Virchows Archiv

, Volume 457, Issue 5, pp 547–553 | Cite as

Measurements of cancer extent in a conservatively treated prostate cancer biopsy cohort

  • Ramzi Rajab
  • Gabrielle Fisher
  • Michael W. Kattan
  • Christopher S. Foster
  • Tim Oliver
  • Henrik Møller
  • Victor Reuter
  • Peter Scardino
  • Jack Cuzick
  • Daniel M. BerneyEmail author
  • on behalf of the Transatlantic Prostate Group
Original Article


The optimal method for measuring cancer extent in prostate biopsy specimens is unknown. Seven hundred forty-four patients diagnosed between 1990 and 1996 with prostate cancer and managed conservatively were identified. The clinical end point was death from prostate cancer. The extent of cancer was measured in terms of number of cancer cores (NCC), percentage of cores with cancer (PCC), total length of cancer (LCC) and percentage length of cancer in the cores (PLC). These were correlated with prostate cancer mortality, in univariate and multivariate analysis including Gleason score and prostate-specific antigen (PSA). All extent of cancer variables were significant predictors of prostate cancer death on univariate analysis: NCC, hazard ration (HR) = 1.15, 95% confidence interval (CI) = 1.04–1.28, P = 0.011; PPC, HR = 1.01, 95% CI = 1.01–1.02, P < 0.0001; LCC, HR = 1.02, 95% CI = 1.01–1.03, P = 0.002; PLC, HR = 1.01, 95% CI = 1.01–1.02, P = 0.0001. In multivariate analysis including Gleason score and baseline PSA, PCC and PLC were both independently significant P = 0.004 and P = 0.012, respectively, and added further information to that provided by PSA and Gleason score, whereas NNC and LCC were no longer significant (P = 0.5 and P = 0.3 respectively). In a final model, including both extent of cancer variables, PCC was the stronger, adding more value than PLC (χ 2 (1df) = 7.8, P = 0.005, χ 2 (1df) = 0.5, P = 0.48 respectively). Measurements of disease burden in needle biopsy specimens are significant predictors of prostate-cancer-related death. The percentage of positive cores appeared the strongest predictor and was stronger than percentage length of cancer in the cores.


Prostate biopsy Prostate cancer Biopsy prognostic factors Tumour extent 



This study was supported by Cancer Research UK, a Specialised Programme of Research Excellence (SPORE) grant from the US National Cancer Institute (USA), Orchid and The David Koch Foundation. Funding bodies had no involvement in the design and conduct of the study; in collection management, analysis and interpretation of the data; or in preparation, review and approval of the paper.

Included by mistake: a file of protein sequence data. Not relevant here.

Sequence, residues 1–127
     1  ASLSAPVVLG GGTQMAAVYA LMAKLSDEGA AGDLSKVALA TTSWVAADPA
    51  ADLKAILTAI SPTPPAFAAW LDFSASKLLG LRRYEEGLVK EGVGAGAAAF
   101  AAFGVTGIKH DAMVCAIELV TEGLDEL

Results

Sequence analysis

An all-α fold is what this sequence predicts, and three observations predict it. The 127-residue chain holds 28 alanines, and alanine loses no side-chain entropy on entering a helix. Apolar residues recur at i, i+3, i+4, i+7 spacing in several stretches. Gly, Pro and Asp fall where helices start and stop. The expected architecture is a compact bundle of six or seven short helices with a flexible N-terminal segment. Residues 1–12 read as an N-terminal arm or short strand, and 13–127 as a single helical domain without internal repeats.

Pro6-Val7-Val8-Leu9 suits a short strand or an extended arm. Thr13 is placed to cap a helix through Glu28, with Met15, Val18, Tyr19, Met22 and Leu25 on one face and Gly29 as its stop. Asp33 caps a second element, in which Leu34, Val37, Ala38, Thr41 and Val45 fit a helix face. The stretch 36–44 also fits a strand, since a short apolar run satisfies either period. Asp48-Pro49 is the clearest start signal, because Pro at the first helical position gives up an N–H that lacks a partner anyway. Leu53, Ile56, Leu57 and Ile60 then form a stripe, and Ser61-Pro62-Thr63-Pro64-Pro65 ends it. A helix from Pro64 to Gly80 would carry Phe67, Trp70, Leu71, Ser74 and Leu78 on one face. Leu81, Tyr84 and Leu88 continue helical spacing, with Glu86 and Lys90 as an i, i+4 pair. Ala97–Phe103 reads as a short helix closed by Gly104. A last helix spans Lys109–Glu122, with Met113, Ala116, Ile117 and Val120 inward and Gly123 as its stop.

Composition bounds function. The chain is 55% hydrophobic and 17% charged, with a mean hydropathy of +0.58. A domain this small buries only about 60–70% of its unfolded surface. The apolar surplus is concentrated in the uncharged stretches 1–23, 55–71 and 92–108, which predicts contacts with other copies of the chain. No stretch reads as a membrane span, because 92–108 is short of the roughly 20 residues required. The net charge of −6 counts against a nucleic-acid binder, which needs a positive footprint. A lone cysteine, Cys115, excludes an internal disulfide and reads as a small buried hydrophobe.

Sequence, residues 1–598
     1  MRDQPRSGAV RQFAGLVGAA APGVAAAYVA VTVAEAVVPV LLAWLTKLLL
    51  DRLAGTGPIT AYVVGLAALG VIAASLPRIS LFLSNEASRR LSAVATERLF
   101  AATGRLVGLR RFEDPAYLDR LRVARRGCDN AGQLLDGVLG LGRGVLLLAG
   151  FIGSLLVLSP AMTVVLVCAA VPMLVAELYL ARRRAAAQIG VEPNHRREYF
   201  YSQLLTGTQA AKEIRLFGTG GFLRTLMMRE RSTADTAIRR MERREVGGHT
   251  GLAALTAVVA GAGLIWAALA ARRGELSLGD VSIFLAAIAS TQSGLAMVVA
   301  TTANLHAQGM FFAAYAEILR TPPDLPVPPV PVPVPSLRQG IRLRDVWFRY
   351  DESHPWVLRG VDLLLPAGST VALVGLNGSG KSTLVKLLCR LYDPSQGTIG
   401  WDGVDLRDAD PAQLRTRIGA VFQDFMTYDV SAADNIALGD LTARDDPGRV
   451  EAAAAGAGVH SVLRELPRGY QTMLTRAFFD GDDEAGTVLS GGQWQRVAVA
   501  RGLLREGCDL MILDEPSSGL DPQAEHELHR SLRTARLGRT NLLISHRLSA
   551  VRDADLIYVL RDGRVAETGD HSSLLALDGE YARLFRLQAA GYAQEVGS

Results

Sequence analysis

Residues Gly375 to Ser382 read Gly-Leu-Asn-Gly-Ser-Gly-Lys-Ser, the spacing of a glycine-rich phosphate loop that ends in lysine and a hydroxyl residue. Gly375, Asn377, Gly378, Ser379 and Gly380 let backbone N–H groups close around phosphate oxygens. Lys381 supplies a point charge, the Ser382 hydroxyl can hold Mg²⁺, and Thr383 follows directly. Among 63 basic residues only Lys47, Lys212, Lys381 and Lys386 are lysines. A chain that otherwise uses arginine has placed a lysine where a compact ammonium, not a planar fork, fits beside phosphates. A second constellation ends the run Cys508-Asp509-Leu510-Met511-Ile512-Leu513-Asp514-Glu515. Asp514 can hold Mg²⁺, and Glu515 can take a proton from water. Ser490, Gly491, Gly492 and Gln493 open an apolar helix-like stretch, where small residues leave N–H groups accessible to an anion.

Conflict of interest statement

We declare that we have no conflict of interest.


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Copyright information

© Springer-Verlag 2010

Authors and Affiliations

  • Ramzi Rajab
    • 1
  • Gabrielle Fisher
    • 2
  • Michael W. Kattan
    • 3
  • Christopher S. Foster
    • 4
  • Tim Oliver
    • 1
  • Henrik Møller
    • 5
  • Victor Reuter
    • 6
  • Peter Scardino
    • 6
  • Jack Cuzick
    • 2
  • Daniel M. Berney
    • 1
    • 7
    Email author
  • on behalf of the Transatlantic Prostate Group
  1. 1.Centre for Molecular Oncology and Imaging, Barts and The London School of Medicine and DentistryQueen Mary University of LondonLondonUK
  2. 2.Cancer Research UK Department of Epidemiology, Mathematics and Statistics, Wolfson Institute of Preventive MedicineQueen Mary University of LondonLondonUK
  3. 3.Department of Biostatistics and EpidemiologyCleveland Clinic FoundationClevelandUSA
  4. 4.Department of Cellular Pathology and Molecular GeneticsLiverpool University HospitalLiverpoolUK
  5. 5.King’s College London, Thames Cancer RegistryLondonUK
  6. 6.Departments of Pathology and UrologyMemorial Sloan Kettering Cancer CentreNew YorkUSA
  7. 7.Centre for Molecular Oncology and Imaging St. Bartholomew’s Medical SchoolQueen Mary, University of LondonLondonUK

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